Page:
(The beneficial effects of games on language learning)
Games have long been used in foreign language teaching but some teachers and students may still view them with suspicion. They may think that games are just a waste of time or just a means of filling in, for example, the last fifteen or ten minutes of a class period. However, a thorough understanding of the relative merits and uses of language games will dispel such misconceptions. In fact, the use of games proves to be a good idea because of its following major contributions to the teaching and learning of foreign languages.
First, games can increase the amount of student practice and participation. As games are often played in pairs or teams they create favorable conditions for pair work or group work to take place. Since these two forms of student grouping provide students with more opportunity to use the language (with students initiating their turns-at-talk instead of waiting for them to be nominated by the teacher) it is right to say that games intended for groups of two or more than two students can increase student talking time. As far as second or foreign language acquisition is concerned, any increase in student talking time, big or small, is significant because it will help develop students’ language competence.
Second, games can generate and increase motivation, a vital factor to students’ success in language learning. A common reason for the use of games in language teaching is that they are an effective ways to interest students. Indeed, games are capable of involving students if they are entertaining, intriguing and challenging. And nearly all learners enjoy playing games or want to have fun while studying regardless of their age or level. To play games students have to rely on themselves and cooperate among themselves. It is the principle of self-reliance, cooperation and joint learning that awakes and maintains students’ interest in the lesson. As interest is a main ingredient of motivation it can be concluded that games contribute much to providing motivation to students. And of course, once students are highly motivated, they will likely study better.
Most importantly, games give meaningful practice in any of the four skills at any level of ability or in any stage of the teaching process. It is true that a library search will yield a great number of games that have been designed for students at different levels from elementary to advanced. More over, these games are intended for the practice of the four skills, namely reading, speaking, listening and writing. In addition, games can be used at any stage in language teaching and learning as warm-up activities or activities aimed at accurate reproduction and controlled or free practice. Some well-known or commonly used books of games are Communication Games series compiled by Jill Hadfield for three different levels: elementary, intermediate and advanced; Reading Games and Writing Games, both by Charles and Jill Hadfield directed at intermediate to advanced learners of Eglish; Play Games with English Henemann series including games, puzzles and quizzes for beginners and pre-intermediate learners. What is more important, games create meaningful contexts for language practice. Initially, students have to make sure that they understand the rules of the game. This requires reading or listening comprehension of the instructions as set out in the book or explained by the teacher. Subsequently, students have to discuss with their friends to solve the problem presented by the game. They have to use the language they are learning to express their opinions and to exchange ideas to reach their goal. Most of the time, their communication is based on an information gap or opinion gap, thus replicating real life communication. Games are therefore said to provide meaningful practice as students have to read, listen, speak and write for a clear purpose.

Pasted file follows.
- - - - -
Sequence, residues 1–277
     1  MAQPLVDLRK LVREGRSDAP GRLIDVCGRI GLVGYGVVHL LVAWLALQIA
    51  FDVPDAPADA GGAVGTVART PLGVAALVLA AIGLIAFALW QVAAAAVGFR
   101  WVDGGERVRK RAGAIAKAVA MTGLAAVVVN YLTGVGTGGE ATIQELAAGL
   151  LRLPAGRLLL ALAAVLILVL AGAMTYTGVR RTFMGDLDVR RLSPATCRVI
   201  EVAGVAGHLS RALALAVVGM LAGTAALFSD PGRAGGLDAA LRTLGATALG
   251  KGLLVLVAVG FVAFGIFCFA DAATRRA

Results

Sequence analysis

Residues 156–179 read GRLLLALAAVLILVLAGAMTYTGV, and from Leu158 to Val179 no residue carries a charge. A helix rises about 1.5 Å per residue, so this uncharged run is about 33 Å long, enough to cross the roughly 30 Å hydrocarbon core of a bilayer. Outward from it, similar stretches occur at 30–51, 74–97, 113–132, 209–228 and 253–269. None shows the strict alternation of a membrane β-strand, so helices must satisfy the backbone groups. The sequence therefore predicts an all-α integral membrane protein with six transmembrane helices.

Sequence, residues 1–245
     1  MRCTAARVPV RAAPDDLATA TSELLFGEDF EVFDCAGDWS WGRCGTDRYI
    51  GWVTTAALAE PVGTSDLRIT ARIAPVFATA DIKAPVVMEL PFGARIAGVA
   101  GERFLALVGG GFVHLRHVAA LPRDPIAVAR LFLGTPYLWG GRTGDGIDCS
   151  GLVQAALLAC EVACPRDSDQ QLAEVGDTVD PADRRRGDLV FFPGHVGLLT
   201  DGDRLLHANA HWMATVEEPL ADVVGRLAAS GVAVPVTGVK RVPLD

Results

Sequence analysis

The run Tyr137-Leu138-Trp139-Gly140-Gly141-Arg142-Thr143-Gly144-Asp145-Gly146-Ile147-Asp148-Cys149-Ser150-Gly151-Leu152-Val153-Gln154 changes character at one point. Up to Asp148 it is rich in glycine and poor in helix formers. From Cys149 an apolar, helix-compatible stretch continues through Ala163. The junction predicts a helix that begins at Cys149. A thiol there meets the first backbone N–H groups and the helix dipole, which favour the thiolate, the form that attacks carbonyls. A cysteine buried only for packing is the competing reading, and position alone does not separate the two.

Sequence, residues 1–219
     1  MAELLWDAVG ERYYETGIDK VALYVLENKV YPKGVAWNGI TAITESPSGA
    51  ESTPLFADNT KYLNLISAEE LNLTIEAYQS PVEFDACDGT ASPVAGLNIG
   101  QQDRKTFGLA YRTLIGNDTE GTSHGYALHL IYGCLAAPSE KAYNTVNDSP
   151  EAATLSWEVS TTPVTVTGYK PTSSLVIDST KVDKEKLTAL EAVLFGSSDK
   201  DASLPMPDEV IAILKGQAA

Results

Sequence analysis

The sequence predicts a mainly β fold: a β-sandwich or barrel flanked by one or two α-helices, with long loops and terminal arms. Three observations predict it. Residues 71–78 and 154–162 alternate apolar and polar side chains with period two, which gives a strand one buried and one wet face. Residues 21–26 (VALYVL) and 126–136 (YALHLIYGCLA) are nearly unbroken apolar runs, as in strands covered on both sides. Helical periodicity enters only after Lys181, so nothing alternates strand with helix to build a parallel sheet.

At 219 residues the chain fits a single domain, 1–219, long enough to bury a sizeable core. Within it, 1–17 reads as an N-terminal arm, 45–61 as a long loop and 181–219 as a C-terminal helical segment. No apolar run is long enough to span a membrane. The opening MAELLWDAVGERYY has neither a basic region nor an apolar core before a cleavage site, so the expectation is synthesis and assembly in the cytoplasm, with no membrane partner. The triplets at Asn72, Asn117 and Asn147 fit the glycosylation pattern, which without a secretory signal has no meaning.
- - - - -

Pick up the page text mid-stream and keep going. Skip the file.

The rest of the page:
In conclusion, the analysis above shows that language games make significant contributions to students’ learning a foreign language. The value of language games lies not only in the great number of games that have been invented or in the variety of levels they serve but in the useful and purposeful language practice they provide. That is why teachers should make optimal use of games in their language teaching to increase students’ work and motivation and to offer them meaningful practice. Provided that teachers can select or design and organize good games in terms of language and type of participation, they will achieve these worthy aims.”